The SI’s Changemaker Programme, which endeavours to equip students with the knowledge, tools and skills to become leaders of change, recently took a group of PGD students to the Netherlands for the International Architectural Biennale Rotterdam (IABR), for an intensive three-day immersive learning experience.
Although the IABR is an architectural biennale it really moves beyond the spatial paradigm of architecture to try connect designers, academics, and thinkers with decision-makers, politicians, the private sector, and of course the public. With 80% of mankind predicted to live in cities, and 90% of all wealth being created in cities, it is essential to create spaces in which the effects of these trends can be debated and understood.
The IABR is one of these spaces.
It is clear that if we want to transition to a more equitable and sustainable future we will have to adopt a new economic system that moves us beyond the neoliberal paradigm. This is the fundamental proposition of the Changemaker Programme in which we try to imagine what such a new system could look like and what our individual and collective roles are to turn this imagined future into a reality. Thus, the theme of this year’s IABR was very pertinent to our programme as it was all about “The Next Economy” and investigated the relationship between spatial design and the future development of the economy.
Vanessa von der Heyde, who coordinates the Changemaker Programme, led this group of 5 PGD students with the assistance of Prof Mark Swilling, who was the co-curator of the IABR. Although the students are from various different backgrounds that included architecture, but also urban planning, arts and culture, communications, and working for non-governmental organisations and entrepreneurship programmes, they all found aspects of the exhibition relevant to their work and future research ideas. The diversified backgrounds also led to an enriched learning experience with each student contributing from a unique perspective on what they encountered at the exhibition.
The exhibition not only challenged the current economic model of neoliberal capitalism, but also the dominant narrative of the “Smart City” that is posed as a solution to all the challenges that society is currently tackling. The Smart City narrative proposes technology as a solution to current societal and environmental problems and is driven predominantly by big corporates that see business opportunities in this particular future. The opening exhibit was a virtual reality (VR) that explored what this kind of “Smart City Future” would look like, and it intended to stimulate thought as to who would benefit and profit from this. A quote by William Gibson above the VR read, “The future is already here, it is just not evenly distributed”. Would a Smart City future really be any different from our current inadequate reality?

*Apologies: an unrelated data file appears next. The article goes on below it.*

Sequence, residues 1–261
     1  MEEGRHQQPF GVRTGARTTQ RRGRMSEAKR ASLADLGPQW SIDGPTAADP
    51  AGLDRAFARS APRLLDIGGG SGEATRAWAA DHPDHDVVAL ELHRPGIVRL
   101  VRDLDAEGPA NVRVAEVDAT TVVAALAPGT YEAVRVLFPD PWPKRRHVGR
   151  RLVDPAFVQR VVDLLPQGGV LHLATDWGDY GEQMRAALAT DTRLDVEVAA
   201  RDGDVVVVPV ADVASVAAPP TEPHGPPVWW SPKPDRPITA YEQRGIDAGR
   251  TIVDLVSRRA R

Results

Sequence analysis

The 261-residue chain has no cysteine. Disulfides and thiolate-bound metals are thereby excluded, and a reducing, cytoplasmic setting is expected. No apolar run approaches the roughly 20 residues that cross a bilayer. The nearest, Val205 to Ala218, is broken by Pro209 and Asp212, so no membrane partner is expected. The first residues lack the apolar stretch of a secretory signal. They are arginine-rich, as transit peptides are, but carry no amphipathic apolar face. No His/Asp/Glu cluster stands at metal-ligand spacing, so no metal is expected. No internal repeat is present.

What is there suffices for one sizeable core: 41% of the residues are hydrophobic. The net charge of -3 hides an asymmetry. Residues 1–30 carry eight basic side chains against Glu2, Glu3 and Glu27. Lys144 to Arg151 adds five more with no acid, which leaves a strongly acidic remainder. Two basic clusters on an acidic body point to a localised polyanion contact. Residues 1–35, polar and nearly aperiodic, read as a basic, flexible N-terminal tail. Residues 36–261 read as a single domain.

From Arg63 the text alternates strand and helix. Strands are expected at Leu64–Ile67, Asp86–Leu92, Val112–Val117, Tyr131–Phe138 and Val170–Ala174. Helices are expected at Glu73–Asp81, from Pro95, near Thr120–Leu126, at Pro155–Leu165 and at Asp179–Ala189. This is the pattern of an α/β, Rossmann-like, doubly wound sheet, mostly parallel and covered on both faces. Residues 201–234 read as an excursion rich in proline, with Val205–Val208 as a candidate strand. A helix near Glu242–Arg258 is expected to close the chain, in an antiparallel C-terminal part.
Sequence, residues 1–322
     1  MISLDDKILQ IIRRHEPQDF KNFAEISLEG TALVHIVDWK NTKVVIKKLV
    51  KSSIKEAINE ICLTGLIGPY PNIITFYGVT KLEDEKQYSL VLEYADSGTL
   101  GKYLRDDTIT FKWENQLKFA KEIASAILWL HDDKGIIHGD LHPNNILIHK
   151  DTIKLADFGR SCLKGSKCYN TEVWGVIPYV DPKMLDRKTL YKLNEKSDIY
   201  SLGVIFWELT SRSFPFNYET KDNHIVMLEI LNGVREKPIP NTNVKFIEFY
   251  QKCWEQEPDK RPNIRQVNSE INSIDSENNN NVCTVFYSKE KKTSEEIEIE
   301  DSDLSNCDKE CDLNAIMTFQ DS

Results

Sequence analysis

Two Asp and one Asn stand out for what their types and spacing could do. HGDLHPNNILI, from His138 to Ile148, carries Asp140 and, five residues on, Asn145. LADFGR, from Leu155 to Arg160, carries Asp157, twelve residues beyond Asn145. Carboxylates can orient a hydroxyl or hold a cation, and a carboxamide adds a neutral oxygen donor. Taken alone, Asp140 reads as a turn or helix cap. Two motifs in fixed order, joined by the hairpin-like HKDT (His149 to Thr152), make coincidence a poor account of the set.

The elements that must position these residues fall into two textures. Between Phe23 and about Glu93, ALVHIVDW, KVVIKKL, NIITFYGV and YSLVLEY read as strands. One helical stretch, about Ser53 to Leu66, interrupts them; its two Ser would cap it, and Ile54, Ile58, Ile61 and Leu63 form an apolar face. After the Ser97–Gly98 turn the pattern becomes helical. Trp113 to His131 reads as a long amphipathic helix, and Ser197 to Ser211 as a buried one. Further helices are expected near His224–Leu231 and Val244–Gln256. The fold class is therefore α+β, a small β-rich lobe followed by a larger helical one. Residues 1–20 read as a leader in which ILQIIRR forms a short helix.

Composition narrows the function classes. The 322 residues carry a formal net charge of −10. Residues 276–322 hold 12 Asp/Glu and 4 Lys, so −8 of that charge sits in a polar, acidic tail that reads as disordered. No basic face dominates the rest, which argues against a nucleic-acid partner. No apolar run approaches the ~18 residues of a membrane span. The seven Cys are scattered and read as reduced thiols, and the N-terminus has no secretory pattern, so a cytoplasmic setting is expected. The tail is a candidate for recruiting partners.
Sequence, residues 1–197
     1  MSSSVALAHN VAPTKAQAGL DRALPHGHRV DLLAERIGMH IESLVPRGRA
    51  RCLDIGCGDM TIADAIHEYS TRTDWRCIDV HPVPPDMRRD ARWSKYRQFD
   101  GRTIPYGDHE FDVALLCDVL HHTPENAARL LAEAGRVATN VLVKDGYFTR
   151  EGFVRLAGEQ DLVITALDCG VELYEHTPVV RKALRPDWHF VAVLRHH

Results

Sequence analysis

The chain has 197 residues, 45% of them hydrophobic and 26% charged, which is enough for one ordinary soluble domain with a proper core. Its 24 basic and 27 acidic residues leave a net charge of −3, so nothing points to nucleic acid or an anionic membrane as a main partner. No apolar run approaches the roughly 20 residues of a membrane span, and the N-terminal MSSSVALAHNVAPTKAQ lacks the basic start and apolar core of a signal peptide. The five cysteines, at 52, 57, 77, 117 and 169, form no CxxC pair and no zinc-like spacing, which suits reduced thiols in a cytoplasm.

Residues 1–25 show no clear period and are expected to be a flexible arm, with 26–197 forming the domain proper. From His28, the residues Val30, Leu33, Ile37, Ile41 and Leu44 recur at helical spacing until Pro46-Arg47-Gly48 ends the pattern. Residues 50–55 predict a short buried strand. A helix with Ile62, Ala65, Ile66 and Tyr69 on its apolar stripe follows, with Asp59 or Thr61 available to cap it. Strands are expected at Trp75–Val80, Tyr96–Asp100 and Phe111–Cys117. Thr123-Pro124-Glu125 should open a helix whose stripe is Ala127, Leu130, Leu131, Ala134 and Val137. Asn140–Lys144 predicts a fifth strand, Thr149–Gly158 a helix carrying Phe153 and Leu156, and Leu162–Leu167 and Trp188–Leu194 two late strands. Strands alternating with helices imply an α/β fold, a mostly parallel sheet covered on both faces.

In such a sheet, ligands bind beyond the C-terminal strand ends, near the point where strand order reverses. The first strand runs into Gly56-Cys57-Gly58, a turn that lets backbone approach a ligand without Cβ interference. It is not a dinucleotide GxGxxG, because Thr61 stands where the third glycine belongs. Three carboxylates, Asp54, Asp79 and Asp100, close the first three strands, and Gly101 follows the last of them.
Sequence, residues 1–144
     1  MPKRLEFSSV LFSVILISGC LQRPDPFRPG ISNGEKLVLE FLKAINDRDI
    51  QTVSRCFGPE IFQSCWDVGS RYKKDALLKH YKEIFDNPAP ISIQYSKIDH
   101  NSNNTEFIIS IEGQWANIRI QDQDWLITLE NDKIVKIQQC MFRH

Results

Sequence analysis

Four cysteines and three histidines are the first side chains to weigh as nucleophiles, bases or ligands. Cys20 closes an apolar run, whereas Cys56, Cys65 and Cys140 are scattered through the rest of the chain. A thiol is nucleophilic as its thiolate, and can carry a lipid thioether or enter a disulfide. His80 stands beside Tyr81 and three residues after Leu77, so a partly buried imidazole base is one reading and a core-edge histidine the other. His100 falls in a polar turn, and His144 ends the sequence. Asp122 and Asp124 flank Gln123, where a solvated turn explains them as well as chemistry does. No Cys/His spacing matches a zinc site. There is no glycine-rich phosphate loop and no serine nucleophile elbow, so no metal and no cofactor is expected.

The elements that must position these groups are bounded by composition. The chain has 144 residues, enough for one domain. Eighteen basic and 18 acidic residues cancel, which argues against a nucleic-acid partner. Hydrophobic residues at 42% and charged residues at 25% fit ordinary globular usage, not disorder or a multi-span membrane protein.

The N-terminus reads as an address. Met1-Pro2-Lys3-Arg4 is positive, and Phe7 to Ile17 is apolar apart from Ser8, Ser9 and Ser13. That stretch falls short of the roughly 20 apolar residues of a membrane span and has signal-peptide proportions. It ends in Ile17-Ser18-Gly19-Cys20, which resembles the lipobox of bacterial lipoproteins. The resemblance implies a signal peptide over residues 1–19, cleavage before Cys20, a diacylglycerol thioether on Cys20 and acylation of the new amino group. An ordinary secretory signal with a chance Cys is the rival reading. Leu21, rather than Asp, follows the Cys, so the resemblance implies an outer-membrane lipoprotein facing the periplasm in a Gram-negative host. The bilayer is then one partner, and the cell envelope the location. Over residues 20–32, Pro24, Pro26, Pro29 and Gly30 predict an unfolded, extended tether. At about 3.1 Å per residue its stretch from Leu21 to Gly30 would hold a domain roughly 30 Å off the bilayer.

The exhibition then opened up to a wide range of projects that explore future scenarios for cities, showcasing a collection of initiatives taking place around the world that tell a different story to that of the Smart City. The question asked by the exhibition’s curator, Maarten Hajer, is what steps can be taken towards a Next Economy. What will bring about an economy that will retain more value in the city itself by adding value locally rather than the extractive economy we currently operate in, which only makes citizens dependant bystanders, categorised as consumers. In short, what will bring about an urban economy that is guided by the social agenda?
The exhibits helped the group imagine a city that runs on clean energy, that is solidarity-oriented and socially inclusive, and that is productive and focuses on the public domain. In this way the IABR helps the viewers imagine an alternative future that they can run with after the Biennale. It is a source of imagination and inspiration for what we can create.
The agenda for the three intensive days in the Netherlands included assignments, lectures, and various tours both of the exhibition and of cities like Amsterdam, as well as structured discussions and networking opportunities. The take-home message for the group was that there is an alternative to the fast-growing inequality we are seeing, and that we do not have to accept unsuitable narratives that seem to dominate the “what’s next” debate.
The future is ours to imagine and ours to create! Now the real work begins of figuring out what our own roles are in proactively working towards the next, socially inclusive, environmentally beneficial economy.